Date of Graduation


Document Type


Degree Type



Davis College of Agriculture, Natural Resources and Design


Animal and Nutritional Sciences

Committee Chair

Matthew E. Wilson.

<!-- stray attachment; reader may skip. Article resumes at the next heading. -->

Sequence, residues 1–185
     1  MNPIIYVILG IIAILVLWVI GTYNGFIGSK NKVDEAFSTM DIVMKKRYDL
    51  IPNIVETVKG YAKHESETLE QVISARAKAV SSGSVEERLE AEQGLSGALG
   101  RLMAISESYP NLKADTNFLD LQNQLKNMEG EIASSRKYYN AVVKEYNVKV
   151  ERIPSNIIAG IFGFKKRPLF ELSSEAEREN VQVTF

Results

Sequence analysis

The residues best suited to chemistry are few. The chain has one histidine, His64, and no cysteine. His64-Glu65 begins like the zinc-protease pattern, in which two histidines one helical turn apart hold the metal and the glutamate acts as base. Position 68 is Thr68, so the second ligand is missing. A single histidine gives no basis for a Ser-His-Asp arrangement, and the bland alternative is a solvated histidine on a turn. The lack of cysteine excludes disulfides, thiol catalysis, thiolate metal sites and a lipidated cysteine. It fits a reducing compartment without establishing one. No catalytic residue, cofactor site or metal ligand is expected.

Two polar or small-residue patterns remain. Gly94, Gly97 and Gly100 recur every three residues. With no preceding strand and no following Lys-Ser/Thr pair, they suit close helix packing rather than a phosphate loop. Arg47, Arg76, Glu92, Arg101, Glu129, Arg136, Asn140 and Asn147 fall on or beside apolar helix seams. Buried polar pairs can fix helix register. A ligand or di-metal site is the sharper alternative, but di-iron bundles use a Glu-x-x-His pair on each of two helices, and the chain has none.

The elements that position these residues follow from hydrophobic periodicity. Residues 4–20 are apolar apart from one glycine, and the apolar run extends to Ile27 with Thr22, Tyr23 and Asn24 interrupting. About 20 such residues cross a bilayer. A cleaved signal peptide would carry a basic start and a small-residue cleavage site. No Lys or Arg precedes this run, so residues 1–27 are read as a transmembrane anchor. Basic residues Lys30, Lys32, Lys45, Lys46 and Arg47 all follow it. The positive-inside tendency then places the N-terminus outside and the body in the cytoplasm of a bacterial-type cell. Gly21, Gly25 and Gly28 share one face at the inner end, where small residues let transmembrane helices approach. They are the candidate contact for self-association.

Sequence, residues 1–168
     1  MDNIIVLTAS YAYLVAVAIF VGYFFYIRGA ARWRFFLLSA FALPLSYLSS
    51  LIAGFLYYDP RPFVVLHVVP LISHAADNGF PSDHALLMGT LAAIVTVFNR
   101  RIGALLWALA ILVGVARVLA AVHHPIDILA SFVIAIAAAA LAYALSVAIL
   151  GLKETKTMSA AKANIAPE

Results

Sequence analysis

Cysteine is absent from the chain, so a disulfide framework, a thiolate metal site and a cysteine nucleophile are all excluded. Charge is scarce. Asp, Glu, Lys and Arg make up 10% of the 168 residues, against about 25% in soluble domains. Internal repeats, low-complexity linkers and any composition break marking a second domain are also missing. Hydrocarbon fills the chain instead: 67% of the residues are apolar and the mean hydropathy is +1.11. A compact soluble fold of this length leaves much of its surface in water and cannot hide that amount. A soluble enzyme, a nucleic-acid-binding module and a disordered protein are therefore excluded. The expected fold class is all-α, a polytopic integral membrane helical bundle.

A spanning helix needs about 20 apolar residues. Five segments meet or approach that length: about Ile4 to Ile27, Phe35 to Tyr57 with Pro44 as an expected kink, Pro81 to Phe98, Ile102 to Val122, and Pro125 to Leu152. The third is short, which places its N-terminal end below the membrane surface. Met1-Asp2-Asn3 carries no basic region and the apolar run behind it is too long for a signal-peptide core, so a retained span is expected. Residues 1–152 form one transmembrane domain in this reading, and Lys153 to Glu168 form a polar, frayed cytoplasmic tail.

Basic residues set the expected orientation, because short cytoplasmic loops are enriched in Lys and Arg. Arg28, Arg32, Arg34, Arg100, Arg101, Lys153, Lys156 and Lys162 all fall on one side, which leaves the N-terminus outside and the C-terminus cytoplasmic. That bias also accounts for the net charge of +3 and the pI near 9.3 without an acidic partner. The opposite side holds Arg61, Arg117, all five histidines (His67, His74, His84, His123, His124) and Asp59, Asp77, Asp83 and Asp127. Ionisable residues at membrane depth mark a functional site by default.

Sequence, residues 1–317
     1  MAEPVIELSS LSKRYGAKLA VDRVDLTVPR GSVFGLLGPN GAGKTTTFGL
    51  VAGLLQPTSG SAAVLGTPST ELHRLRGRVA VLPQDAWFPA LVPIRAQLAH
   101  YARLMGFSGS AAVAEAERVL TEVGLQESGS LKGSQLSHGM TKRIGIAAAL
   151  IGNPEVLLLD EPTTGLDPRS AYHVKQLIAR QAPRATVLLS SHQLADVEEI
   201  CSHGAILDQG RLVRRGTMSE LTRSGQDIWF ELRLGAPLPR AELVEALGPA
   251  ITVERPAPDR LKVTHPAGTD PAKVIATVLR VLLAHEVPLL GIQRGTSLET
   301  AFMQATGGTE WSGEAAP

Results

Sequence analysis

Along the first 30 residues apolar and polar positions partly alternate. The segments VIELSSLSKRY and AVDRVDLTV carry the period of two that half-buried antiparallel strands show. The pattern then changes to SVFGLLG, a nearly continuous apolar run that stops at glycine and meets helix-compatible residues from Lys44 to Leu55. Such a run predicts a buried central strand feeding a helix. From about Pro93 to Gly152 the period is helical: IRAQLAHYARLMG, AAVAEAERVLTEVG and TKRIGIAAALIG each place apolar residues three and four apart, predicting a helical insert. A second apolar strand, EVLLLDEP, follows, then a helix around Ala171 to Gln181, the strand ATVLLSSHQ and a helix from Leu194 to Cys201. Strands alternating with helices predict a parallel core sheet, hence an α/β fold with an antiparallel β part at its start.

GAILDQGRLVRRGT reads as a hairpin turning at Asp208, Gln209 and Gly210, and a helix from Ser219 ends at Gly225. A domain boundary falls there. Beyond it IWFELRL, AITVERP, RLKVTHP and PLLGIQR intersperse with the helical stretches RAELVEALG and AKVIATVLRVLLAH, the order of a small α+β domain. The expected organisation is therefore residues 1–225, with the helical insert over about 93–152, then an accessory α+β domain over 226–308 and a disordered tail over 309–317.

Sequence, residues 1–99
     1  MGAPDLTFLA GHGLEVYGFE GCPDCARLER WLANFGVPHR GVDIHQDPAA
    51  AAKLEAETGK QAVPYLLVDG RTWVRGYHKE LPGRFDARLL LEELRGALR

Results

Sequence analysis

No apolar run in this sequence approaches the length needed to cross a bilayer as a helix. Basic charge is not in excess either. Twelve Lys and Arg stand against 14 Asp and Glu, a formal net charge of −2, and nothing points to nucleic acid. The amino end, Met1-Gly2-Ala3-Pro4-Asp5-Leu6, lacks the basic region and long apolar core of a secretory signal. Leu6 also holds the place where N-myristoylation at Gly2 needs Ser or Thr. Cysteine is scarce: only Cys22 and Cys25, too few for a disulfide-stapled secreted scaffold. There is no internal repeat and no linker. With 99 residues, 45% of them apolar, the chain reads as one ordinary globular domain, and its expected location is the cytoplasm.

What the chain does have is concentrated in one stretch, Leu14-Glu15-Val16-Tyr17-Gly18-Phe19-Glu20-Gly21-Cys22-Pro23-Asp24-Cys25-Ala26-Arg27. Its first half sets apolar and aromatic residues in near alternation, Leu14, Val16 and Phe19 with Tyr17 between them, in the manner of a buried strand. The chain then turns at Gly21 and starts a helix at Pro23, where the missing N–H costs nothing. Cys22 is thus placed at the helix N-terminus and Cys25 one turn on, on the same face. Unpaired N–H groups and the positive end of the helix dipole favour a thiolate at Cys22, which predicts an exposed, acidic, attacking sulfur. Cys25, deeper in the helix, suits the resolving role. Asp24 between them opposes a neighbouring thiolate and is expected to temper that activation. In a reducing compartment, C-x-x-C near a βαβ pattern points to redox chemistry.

Altering the fetal environment can modify the composition or growth rate of the fetus, a concept known as fetal programming. A majority of the research in this area has focused on intrauterine growth restriction (IUGR), which has been linked to adult diseases. A few studies have attempted to ameliorate the negative effects of IUGR, by applying growth promoters late in gestation, and have only observed transient effects. Our laboratory has previously shown that growth hormone (GH) treatment around the time of breeding alters the uterine environment early in gestation and results in larger lambs at birth. Therefore there were three main objectives investigated in the current work, each encompassing a different period of gestation. The first objective was to examine how a periconceptional injection of GH alters the uterine environment at the time of early embryonic development and if the trophectoderm to inner cell mass ratio is altered by treatment. The second objective was to determine how GH treatment may program nutrient transport in the placenta late in gestation. The third objective was to examine how a periconceptional injection of GH alters fetal growth and development at birth and how the GH axis may be altered in lambs born to ewes treated with GH. Periconceptional GH treatment altered the concentration of growth factors in uterine luminal fluid including TGF-beta1, insulin like growth factor-I and urea, but did not alter the ratio of trophectoderm to inner cell mass cells or the total number of blastomeres. Treatment with GH appeared to alter the placental expression of some nutrient transporters during gestation. Periconceptional treatment with growth hormone appears to alter the uterine environment during embryonic development, programming the cells of the embryo to exhibit an altered physiology. Periconceptional GH treatment increased lamb weight and abdominal girth. Lambs born to ewes treated with GH also had an altered GH axis as determined by a reduced hepatic expression of both insulin like growth factor-I and growth hormone receptor at birth and an altered response to GH releasing hormone challenge at 100 days of age. Periconceptional GH appears to program embryonic cells which develop into a more efficient placenta allowing for an increase in nutrient availability, ultimately leading to larger lambs at birth with an altered composition and an altered growth hormone axis.